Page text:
Ford recorded an $8.6 billion pre-tax profit in 2013, up $603 million from 2012 and marking its best showing in more than 10 years.

“These full-year results reflect an automotive sector that was highest in more than a decade,” Ford CEO Alan Mulally says today in a conference call with analysts and media. “(And) our One Ford plan continues to deliver profitable growth around the world – 2013 was an outstanding year.”

Ford's automotive sector contributed $6.9 billion of the $8.6 billion full-year profit. Ford's financial services sector accounted for the remaining $1.7 billion.

The full-year results came despite a drop in total fourth-quarter earnings to $1.3 billion, off $402 million from like-2012, a decline the Dearborn, MI-based automaker blames on higher costs and lower pricing.

Still, Mulally calls the quarter “solid...with market-share gains both in the U.S. and Asia-Pacific and Africa, where we realized record share.”

In China, Ford saw share grow to a record 4.4%, a gain driven largely by EcoSport and Kuga demand.

Ford’s $8.8 billion pre-tax full-year automotive-sector operating profit in North America will allow it to distribute profit-sharing checks of $8,800 per hourly worker. But the company ended the year with a $200 million reduction in Q4 automotive earnings, mainly due to higher structural and warranty costs, including those associated with a recall of the Escape CUV's 1.6L EcoBoost engine.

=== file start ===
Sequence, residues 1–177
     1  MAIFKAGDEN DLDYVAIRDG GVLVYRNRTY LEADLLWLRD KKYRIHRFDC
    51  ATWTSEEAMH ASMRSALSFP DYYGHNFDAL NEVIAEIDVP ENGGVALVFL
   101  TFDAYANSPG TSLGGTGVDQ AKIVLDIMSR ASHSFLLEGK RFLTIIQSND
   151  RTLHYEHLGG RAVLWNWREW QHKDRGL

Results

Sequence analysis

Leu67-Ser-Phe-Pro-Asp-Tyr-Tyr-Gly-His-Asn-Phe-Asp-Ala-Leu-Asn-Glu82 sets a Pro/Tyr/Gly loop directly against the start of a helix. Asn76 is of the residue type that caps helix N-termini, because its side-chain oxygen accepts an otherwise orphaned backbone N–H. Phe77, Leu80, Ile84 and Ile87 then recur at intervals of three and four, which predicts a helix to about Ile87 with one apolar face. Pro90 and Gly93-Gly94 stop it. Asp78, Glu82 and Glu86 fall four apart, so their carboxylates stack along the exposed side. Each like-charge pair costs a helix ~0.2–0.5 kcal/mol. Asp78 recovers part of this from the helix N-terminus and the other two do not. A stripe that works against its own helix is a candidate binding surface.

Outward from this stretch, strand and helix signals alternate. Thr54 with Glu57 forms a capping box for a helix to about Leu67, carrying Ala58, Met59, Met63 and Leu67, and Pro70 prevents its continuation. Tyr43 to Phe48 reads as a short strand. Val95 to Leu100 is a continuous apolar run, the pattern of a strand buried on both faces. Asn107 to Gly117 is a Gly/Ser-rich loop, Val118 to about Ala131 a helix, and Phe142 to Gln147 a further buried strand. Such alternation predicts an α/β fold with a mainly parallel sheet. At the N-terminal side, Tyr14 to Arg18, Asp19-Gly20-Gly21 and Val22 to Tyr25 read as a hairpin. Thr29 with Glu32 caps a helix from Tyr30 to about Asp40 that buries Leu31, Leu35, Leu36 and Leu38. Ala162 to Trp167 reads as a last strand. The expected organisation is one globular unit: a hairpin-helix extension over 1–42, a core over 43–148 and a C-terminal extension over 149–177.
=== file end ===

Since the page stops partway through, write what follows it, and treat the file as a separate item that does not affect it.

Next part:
And its outlook for this year in North America is tempered by extended F-Series plant downtime, as the automaker tools up for a heavily revamped, aluminum-intensive new model.

Ford's full-year pre-tax profit would have been stronger if not for losses of $1.6 billion in Europe and $34 million in South America.

The automaker remains hopeful it will return to profitability in Europe next year.

Last year about 40% of Ford's sales in Europe were new products.

"We're very encouraged by the response to them and our dealers are feeling more encouraged," Chief Operating Officer Mark Fields says, pointing out more than 2,500 dealers in the region have agreed to upgrade their facilities over the next two years.

South America results continue to be tempered by Argentina and Venezuela, where “unclear economic policy direction” is keeping a lid on industry volume, Mulally says.

Ford posted a fourth-quarter pre-tax loss in South America of $126 million due to plant downtime in Brazil to prepare for 2014 launches and lower production in Venezuela.

"We've been in this situation before," CFO Bob Shanks says, noting Ford has been in Argentina for 100 years.

The automaker expects 2014 profits in North America will fall from the $8.8 billion in 2013 due to the launch later this year of its highest-volume model in North America, the new F-150.

Mulally says the Dearborn truck plant will shut down for 11 weeks and its Kansas City, MO, operation will be idled two weeks, for a total of 13 weeks of downtime.

Shanks says Ford also will "see pressure from a higher mix of smaller vehicles, the pressure from increasing costs to meet regulatory requirements and we're building into '14 a tougher pricing environment" due to a weaker Japanese yen.

For full-year 2014, Ford forecasts a pre-tax profit of $7 billion-$8 billion, assuming industry volume in the U.S. of 16 million-17 million units, up from 15.9 million in 2013. In Europe, the automaker projects industry sales of 13.5 million-14.5 million new vehicles, compared with 13.8 million in 2013.

China's market should grow this year, thanks to efforts by the government to improve consumption, Mulally says. Ford forecasts sales of 22.5 million-24.5 million vehicles, up from 22.2 million in 2013.